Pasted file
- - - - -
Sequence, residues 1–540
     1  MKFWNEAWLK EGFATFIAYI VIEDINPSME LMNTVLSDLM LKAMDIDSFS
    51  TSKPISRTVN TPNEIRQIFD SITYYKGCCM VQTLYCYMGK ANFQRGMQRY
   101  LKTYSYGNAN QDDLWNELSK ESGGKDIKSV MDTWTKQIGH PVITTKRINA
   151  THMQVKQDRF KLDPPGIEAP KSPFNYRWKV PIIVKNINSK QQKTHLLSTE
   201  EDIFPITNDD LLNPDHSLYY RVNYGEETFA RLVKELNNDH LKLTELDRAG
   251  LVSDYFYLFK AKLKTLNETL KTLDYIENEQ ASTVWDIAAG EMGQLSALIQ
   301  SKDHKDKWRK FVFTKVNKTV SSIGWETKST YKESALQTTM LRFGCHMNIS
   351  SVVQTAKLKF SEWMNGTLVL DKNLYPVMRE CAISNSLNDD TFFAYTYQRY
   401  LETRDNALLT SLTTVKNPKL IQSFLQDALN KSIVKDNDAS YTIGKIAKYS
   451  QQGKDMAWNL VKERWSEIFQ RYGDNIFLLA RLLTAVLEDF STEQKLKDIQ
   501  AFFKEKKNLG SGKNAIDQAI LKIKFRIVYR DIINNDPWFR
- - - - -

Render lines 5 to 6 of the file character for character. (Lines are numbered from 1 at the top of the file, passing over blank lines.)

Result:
   151  THMQVKQDRF KLDPPGIEAP KSPFNYRWKV PIIVKNINSK QQKTHLLSTE
   201  EDIFPITNDD LLNPDHSLYY RVNYGEETFA RLVKELNNDH LKLTELDRAG